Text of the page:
LNG shipping rates fall to lowest since 2010 in boon for traders

LNG shipping rates fall to lowest since 2010 in boon for traders

The cost to ship super-chilled natural gas has tumbled to the lowest level in more than four years and is forecast to fall further. That’s good news for buyers and sellers of the fuel.

Rates to transport liquefied natural gas have declined to about $50,000 per day and will probably go lower before recovering, according to Andrew Buckland, a London-based analyst at Wood Mackenzie Ltd. That compares with more than $140,000 a day in 2012, the energy consulting firm found in a report last month.

Lower rates can benefit traders that sign short-term contracts and give LNG players flexibility in where they deliver the gas, said Hal Miller, president of consulting company Galway Group in Houston. At the same time, ship owners will be hurt by falling rates.

“I’d expect prices to stay in this ballpark for a couple of years before they start turning around” as new LNG projects begin shipments, Miller said by phone.

Trafigura Beheer late last year expected to more than double its LNG trading for 2014, helped by lower freight rates and increased volatility. Vitol said in November that it remains the “main player” of the fuel as companies including Glencore, Gunvor Group and Noble Group entered the market or expanded.

Prices have dropped amid rising numbers of LNG vessels, which transport gas that has been cooled and condensed to liquid form at about minus 160 degrees Celsius (minus 260 Fahrenheit). The prospect of significant US LNG exports drove ship orders to a record high of 67 last year, while rapidly rising rates in 2011 after the nuclear crisis in Japan spurred speculative orders, according to Wood Mackenzie.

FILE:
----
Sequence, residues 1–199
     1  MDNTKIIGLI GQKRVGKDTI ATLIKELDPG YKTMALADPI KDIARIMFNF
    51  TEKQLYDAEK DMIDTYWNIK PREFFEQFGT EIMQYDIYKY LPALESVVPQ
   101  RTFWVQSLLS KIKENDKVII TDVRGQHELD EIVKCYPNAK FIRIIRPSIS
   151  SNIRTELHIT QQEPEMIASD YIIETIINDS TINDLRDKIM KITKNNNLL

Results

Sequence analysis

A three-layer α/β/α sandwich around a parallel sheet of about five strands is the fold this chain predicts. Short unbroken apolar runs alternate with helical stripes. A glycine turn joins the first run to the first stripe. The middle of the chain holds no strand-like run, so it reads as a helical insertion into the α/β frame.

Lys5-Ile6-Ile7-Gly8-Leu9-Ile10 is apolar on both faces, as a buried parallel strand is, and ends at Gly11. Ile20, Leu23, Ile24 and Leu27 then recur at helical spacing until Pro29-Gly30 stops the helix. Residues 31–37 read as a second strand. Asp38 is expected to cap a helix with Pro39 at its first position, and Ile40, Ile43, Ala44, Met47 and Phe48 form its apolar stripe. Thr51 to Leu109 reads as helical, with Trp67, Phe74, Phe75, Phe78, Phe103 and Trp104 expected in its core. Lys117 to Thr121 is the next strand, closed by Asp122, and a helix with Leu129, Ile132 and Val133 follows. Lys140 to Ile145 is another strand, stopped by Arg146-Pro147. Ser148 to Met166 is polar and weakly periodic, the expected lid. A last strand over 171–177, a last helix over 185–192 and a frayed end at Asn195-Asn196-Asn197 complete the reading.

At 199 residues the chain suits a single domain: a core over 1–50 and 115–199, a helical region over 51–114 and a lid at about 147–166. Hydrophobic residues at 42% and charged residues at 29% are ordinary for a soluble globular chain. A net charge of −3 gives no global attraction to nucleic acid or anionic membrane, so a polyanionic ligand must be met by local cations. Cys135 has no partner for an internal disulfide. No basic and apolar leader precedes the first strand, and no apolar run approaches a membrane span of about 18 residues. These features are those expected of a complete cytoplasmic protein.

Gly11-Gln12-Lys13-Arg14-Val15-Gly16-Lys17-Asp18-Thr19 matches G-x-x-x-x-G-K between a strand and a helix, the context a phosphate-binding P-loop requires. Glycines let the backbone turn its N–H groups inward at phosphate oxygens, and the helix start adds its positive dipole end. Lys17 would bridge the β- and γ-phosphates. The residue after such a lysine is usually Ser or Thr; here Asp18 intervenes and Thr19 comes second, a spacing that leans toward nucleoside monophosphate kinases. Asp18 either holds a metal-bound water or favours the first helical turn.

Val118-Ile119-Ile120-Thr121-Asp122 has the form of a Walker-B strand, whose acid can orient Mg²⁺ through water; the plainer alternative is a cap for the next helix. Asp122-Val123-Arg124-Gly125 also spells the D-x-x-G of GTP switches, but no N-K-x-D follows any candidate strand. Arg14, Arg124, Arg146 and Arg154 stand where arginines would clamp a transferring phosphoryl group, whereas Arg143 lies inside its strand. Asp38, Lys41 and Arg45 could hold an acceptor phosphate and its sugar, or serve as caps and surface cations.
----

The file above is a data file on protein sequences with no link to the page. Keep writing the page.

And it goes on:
LNG ships ordered three or four years ago have struggled to find work and compete with newer, larger and more fuel-efficient vessels, Buckland said. That has pushed rates to the lowest since late 2010, he said.

The market could stay depressed until the middle of next year with rates potentially sinking to $40,000 a day with too many vessels, said Tatsuo Osakabe, the Tokyo-based managing director of Fearnleys Japan, a shipping broker. Owners who ordered ships speculatively “based on spot market price and sentiment” will lose from the lower rates, he said.

“Once the US projects start up and their cargoes move into Asia, it could help the market pick up,” Osakabe said, adding that rates could return to $100,000 a day if demand surges.

Prices of the fuel in Asia have dropped along with shipping rates as supply grows and oil tumbles, and are poised to average below $10 per million British thermal units in 2015 for the first time in four years.

Transporting the gas in liquid form to Asia could represent about 20% of the total costs of a US export development, Galway’s Miller said.

“Shipping is a big component of the cost structure, so to the extent that you can drive that down really makes a difference,” Miller said. If “shipping costs can be reduced it just makes US LNG much more competitive,” he said.


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